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HANSA 06-2017

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Finanzierung | Financing Cyprus is prepared for a bright future Recent political developments on the issue of reunification of the island have reawakened the interest of the shipping community in the Cypriot cluster. Moreover, oil findings and developments in the exclusive economic zone suggest lucrative business Development of the registred fleet The cautious steps of the government of the Republic of Cyprus, imply a trustworthy framework of operations. Despite fierce criticism, the government has successfully concluded the privatization of the container terminal in Limassol. The agreement transfers responsibility for the container cargo operations to a consortium led by Germany’s Eurogate, and the general cargo and maritime operations to two consortiums led by Dubai Ports from January 2017 for 25 years. All the above positive developments, along with the successful recovery from the 2012–2013 financial crisis and the resulted bail-in, reassured the market of the capabilities and the potential of the Cypriot economy and maritime cluster. The interest of the Cypriot government in the development of the maritime cluster is reflected in the recent initiative of upgrading the Department of Merchant Shipping (DMS). Due to constitutional limitation, DMS cannot be promoted to an independent ministry, but the plans are to have an independent deputy-minister, thus extending the administrative power of the existing mechanism and strengthen the voice of the maritime community in the Parliament and the Government. Currently, 1,032 relatively young seagoing vessels totaling 21.6 mill. GT are registered under the Cypriot flag as per SIN Clarkson’s and UNCTAD Maritime Transport Statistics. The registry of Cyprus is only 0.5 mill. GT lagging behind Japan, the last registry of the top ten cluster. The registry seems to be suffciently attractive for owners, as the national registries of major shipping nations, such as of Denmark, Sweden, South Korea, UK, etc. are ranked well below the Cypriot one. Moreover, the average age of 12.3 years is below the 18.0 years of the EU fleet and well below the 20.4 years of the world. The registry was dramatically expanded in the 1980s and 1990s with annual growth rates of 4.7% and 2.6% in terms of number of ships as well as 24.0% and 3.1% in GT respectively. In the last 20 years, gross tonnage fluctuated between 20 and 25 mill. The development of the registry in terms of deadweight has not been very successful in the last years. With a total DWT ranging from 30 to 35 mill., with an increase of bulk carriers under the registry but declining numbers in other ship types, the registry is rather stagnant. Apparently there is a trend Source: DMS HANSA series on global maritime hubs of losing tankers and gaining bulkers, containerships and other tonnage. In the last ten years, the registry is somehow stable with a slight annual reduction of 0.73% in number of ships and a growth of 1,37% in GT. This implies that the average ship size increased by 23% in absolute or 2.11% in annual terms. The average age of the fleet is estimated close to 10.7 years; however, this average value is not representative. Almost 45% of the fleet is less than four years old corresponding to the 65% of the larger vessels. In addition, 16% of the fleet is between five and nine years old and in total 87% of the larger ships are less than ten years old. A look at the registry data suggests a fleet of rather young and large ships. Statistics deteriorate due to many old and small ships, predominately engaged in coastal activities. Indeed, should one omit small ships older than 30 years, then the average age drops to eight years. A closer look at the registry demonstrates that bulkers, general cargo and MPP ships enjoy higher share Key market: Germany Germany seems to be a key market for Cypriot interests. Almost 14% of the registered fleet belongs to German interests, but in the last years this has declined to levels around 12%, as per UNCTAD data. Especially in the last two years the trend depicts merely the retreat of German interests in shipping. This development implies also a retreat from 14% in 2014 to 12% in 2016 of the German significance in the registry. However, the Cypriot registry is not deprived of positive and appealing attributes. It is well-reputed, positively assessed by the ICS and in the white lists of the Paris MOU and of the STCW-95. Taking into account 20 HANSA International Maritime Journal – 154. Jahrgang – 2017 – Nr. 6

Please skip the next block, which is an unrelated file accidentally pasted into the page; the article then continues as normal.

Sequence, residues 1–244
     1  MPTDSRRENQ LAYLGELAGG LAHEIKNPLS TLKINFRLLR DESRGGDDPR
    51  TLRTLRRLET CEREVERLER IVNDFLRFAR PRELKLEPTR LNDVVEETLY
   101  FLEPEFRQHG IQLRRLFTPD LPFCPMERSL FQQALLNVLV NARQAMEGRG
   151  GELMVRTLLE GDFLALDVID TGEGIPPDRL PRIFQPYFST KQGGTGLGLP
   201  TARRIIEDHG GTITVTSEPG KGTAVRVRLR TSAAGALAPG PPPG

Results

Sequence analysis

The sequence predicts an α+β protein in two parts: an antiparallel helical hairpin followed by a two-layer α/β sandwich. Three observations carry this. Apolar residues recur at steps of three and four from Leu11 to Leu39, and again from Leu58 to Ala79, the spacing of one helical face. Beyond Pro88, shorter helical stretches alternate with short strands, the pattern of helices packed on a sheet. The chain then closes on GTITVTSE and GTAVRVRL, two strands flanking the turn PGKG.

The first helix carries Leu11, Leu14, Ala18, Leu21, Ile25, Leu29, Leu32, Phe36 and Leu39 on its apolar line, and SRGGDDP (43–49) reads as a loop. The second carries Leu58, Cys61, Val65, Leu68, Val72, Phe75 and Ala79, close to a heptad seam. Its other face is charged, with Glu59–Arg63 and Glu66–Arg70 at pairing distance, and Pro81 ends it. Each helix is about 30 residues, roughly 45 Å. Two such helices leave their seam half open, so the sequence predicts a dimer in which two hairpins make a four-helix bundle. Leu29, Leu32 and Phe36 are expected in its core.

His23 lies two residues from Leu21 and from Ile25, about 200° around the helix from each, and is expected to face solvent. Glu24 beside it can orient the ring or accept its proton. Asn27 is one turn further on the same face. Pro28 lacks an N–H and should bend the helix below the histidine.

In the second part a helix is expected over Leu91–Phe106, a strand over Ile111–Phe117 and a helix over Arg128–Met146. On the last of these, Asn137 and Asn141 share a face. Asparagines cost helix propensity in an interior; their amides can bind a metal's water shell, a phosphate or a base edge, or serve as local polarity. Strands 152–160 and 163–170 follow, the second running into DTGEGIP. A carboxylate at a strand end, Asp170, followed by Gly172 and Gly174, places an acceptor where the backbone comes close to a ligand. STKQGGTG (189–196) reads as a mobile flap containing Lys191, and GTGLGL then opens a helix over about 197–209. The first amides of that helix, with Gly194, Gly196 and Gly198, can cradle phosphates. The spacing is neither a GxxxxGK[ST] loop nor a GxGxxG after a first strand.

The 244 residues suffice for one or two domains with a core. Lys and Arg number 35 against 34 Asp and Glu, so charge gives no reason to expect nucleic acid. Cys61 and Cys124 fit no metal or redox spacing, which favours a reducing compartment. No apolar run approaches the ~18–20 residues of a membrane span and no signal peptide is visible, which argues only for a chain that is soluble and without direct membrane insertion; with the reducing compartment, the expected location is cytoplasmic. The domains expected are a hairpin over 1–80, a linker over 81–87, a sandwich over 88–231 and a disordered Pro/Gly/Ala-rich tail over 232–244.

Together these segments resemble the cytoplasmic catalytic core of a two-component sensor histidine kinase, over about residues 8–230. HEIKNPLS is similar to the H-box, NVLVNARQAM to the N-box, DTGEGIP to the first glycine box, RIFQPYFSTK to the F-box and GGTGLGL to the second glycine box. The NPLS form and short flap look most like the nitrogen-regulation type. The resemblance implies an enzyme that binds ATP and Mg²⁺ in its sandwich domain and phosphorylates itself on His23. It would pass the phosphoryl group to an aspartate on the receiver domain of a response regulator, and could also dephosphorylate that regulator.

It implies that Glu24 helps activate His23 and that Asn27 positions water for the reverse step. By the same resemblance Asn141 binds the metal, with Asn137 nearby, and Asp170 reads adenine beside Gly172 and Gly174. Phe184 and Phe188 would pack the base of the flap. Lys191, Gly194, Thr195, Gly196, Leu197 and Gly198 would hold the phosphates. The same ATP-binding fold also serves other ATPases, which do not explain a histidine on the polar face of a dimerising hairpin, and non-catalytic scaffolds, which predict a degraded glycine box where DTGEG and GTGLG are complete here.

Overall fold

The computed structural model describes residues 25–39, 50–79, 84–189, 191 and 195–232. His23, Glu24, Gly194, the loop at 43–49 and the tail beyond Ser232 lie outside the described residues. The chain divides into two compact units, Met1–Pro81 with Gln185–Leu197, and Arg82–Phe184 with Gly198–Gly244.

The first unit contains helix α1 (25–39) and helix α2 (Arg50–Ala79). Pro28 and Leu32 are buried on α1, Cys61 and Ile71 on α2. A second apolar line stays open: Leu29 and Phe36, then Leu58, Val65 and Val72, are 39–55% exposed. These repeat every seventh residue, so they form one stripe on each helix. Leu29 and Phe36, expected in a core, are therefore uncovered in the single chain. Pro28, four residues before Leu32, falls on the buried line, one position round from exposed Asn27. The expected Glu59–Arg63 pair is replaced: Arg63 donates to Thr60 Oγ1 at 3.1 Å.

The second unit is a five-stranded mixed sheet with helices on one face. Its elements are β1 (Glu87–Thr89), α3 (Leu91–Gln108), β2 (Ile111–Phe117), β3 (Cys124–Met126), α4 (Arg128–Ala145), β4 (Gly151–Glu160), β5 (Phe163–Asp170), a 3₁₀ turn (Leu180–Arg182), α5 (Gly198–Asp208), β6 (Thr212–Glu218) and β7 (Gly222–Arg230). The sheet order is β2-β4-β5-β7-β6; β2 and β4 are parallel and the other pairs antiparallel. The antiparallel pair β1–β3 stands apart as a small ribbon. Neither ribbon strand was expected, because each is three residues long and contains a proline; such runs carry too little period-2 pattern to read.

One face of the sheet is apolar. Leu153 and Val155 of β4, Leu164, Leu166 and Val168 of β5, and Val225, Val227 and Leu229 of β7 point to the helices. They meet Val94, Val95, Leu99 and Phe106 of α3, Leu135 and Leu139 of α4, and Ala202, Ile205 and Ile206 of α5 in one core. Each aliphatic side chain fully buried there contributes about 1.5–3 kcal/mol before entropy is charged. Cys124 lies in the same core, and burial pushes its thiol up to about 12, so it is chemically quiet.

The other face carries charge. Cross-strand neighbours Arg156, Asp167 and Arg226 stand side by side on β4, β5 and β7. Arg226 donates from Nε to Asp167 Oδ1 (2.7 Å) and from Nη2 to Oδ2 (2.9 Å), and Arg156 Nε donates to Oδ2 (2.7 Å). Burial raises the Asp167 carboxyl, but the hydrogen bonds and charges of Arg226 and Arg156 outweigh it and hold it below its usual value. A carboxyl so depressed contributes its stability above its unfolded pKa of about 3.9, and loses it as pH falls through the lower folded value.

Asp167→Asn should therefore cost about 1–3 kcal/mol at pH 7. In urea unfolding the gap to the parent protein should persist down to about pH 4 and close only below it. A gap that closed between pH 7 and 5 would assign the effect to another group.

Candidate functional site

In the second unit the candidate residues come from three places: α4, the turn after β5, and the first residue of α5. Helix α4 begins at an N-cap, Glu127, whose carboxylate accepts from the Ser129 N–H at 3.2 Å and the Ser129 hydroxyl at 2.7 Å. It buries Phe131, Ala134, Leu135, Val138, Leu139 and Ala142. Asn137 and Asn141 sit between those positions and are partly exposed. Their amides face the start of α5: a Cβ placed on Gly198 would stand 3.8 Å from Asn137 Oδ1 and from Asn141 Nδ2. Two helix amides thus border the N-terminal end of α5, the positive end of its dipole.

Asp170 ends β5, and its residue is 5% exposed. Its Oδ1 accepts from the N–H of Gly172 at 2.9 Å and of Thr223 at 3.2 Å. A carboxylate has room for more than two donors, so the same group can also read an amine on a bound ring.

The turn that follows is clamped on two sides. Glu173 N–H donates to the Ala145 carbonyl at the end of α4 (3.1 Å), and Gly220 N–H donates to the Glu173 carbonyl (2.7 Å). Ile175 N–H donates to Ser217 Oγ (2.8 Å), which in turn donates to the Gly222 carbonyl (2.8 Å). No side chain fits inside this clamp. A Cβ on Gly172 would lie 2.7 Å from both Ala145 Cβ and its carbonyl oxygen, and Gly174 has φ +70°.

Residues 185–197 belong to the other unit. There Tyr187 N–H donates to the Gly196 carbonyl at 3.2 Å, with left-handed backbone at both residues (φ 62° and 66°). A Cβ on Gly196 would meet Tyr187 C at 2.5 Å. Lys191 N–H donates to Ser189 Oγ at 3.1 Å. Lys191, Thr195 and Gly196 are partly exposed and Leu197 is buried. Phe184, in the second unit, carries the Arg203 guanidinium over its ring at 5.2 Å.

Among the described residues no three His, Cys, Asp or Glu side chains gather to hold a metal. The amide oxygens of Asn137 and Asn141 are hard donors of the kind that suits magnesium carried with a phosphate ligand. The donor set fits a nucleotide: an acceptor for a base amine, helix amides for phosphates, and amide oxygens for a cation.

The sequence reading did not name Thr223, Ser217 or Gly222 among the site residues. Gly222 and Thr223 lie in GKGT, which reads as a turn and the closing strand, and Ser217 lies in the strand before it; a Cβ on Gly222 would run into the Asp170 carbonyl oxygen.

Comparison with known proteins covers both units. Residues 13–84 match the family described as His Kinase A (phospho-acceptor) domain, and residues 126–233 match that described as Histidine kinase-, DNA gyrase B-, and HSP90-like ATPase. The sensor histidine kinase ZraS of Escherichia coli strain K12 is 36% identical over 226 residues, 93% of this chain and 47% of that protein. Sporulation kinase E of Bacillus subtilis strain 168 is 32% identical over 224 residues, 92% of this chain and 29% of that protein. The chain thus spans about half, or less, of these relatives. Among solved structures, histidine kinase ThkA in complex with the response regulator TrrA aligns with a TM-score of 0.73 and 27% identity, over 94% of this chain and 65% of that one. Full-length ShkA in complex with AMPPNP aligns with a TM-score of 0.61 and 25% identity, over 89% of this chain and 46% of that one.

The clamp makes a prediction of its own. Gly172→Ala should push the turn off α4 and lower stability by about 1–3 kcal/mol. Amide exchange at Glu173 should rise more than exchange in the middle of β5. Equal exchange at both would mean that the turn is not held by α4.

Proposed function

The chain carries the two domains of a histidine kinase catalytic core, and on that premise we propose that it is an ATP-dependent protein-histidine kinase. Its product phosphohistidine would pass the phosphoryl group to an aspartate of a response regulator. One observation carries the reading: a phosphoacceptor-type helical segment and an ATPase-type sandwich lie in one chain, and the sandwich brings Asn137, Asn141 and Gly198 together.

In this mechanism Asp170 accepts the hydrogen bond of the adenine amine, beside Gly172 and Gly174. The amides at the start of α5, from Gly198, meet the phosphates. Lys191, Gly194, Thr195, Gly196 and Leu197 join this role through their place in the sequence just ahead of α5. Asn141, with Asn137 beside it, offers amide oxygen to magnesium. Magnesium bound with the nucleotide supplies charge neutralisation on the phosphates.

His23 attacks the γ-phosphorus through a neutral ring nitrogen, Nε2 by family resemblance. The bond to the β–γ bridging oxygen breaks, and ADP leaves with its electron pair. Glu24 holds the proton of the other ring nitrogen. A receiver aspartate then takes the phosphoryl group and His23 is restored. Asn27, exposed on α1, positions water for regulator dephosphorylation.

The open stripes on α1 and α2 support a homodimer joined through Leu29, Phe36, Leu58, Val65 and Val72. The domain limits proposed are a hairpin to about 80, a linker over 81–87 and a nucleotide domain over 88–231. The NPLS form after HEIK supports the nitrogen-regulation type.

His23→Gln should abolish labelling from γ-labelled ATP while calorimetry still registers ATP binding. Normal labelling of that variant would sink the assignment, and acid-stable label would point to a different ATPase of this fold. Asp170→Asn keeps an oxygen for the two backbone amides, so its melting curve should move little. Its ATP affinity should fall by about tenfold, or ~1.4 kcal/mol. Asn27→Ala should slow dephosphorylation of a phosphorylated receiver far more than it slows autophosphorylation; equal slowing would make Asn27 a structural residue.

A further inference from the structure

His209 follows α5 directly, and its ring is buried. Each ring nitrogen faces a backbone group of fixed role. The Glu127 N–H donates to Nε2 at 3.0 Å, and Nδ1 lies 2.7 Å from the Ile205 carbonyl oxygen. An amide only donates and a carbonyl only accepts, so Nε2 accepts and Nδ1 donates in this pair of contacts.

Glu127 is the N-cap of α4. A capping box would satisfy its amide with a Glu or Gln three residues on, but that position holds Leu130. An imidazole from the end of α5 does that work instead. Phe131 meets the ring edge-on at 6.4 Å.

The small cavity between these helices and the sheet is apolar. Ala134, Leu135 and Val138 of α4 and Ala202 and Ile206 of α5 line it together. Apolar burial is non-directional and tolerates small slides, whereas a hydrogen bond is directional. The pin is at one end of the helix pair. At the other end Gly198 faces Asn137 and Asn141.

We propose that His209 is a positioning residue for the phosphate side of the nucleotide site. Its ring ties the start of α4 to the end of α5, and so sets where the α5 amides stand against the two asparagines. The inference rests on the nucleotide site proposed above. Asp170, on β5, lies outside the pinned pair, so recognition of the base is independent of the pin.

Finanzierung | Financing Country Age Number mill. GT Panama 16.6 8,265 227.9 Liberia 10.3 3,243 136.9 Marshall Is. 7.8 3,132 131.9 Hong Kong 9.5 2,550 103.6 Singapore 9.0 3,631 83.2 Malta 10.9 2,147 65.8 Bahamas 14.4 1,446 61.8 China P.R. 14.5 4,194 50.4 Greece 24.4 1,386 42.9 Japan 20.0 5,319 22.1 Total Top 10 14.1 35,313 926.4 Cyprus 12.3 1,032 21.6 Total 11-20 19.3 16,883 142.3 World total 20.4 92,265 1.244 World Registries Source: Clarkson’s Ships 2011–2016 2005–2016 Total Fleet 1.00 % -0.30 % Oil Tankers -11.40 % -7.80 % Bulk Carriers 6.00 % 0.80 % General Cargo -2.40 % -9.00 % Container ships -1.80 % 4.40 % Other types of ships 9.70 % 34.20 % 2010 2015 2016 Development of DWT Annual Growth Ship Managers 29 43 45 6.5 % Charterers 15 45 40 15.0 % Owners of foreign ships 9 48 73 34.9 % Total 53 136 158 16.9 % Companies taxed under the Tonnage Tax System Source: UNCTAD Source: DMS that Cyprus is a Member-State of the EU, there are many additional commercial benefits that can be considered when selecting the Cypriot flag. It seems that it is mainly an issue of marketing rather than of quality, as the registry is visible in the global markets, and there is substantial experience of the owners and in the market with this flag. The competitors of the Cypriot registry are mainly well-marketed non-EU flags (open registries), such as Panama, Liberia, Marshall Islands, Hong Kong, Singapore, Malta and Bahamas. The registries of Malta and Marshall Islands are increasing their strength in terms of number of ships and million GT following an aggressive marketing policy, especially in high-value assets like tankers. It is highly possible for the Cypriot registry to carve a market share in the growing market; the market is evolving with almost 4.2% in terms of mill. GT and 1.9% in terms of number of ships, while the registry achieves only 1% in terms of GT and circa 0.5–1% in terms of number of ships. The above optimistic view, despite the stagnancy of the registry, is based on the Other 47% Wet 7% Breakdown (number of ships) Wet 15% Other 5% Dry 62% Conships 13% Conships 18% Breakdown (GT) Dry 33% confirmed attractiveness of the cluster. Limassol is not only a ship management centre, but also attracts owners and charterers. This development is a vote of confidence in the framework and potential of the Cypriot cluster. DMS reports 3,250 vessels managed in Cyprus, a total of 44 mill. NT, while almost 90% are not under the Cypriot registry. These foreign assets and interests are vested in Cypriot hands, so in case other clusters become less attractive in the future, Limassol will gain in importance and global visibility. Although not directly related to the positive development of the number of companies, the commercialization of the port of Limassol suggests a further boost for the cluster. As the Cyprus Shipping Chamber deems that the commercialization program of the port will provide enhanced operational autonomy at enterprise level and evolve a more results-oriented and accountable management, based on Source: DMS performance contracts. This will lead to prudent financial management and to the elimination of unnecessary red tape. It is believed that the further development of port facilities, especially of the cruise terminal, will positively impact the cluster and the national economy. Considering the experiences of other countries, the processes of »deregulation« and »commercialization« of most if not all port functions and services will be long yet fruitful, as many stakeholders are involved, but in the case of Cyprus, a consensus among all seems plausible. The development of the port depends also on the development of the energy sector and especially the hydrocarbons industry due to its direct relation with the transportation of natural gas and/or oil already found in the EEZ of Cyprus. The energy related business can trigger new projects ashore and in the coastal zone, such as the operation of crew transfer and supply vessels, etc. that will boost the local sector, as well as pure maritime projects, such as LNG transport by sea to European destinations. Both options will result in imports and enhancement of local technical, operational and commercial expertise that will further pollinate the maritime business already in place. So, is shipping the long quested Amalthea of the Cypriot economy? Will shipping provide not only the necessary connectivity to the European and Middle East regions, but also the uplift and advance to the economy the very same way Amalthea nourished Zeus till adolescence? The omens are favoring audacious decisions! Author: Orestis Schinas Hamburg School of Business Administration Head of Maritime Business School orestis.schinas@hsba.de HANSA International Maritime Journal – 154. Jahrgang – 2017 – Nr. 6 21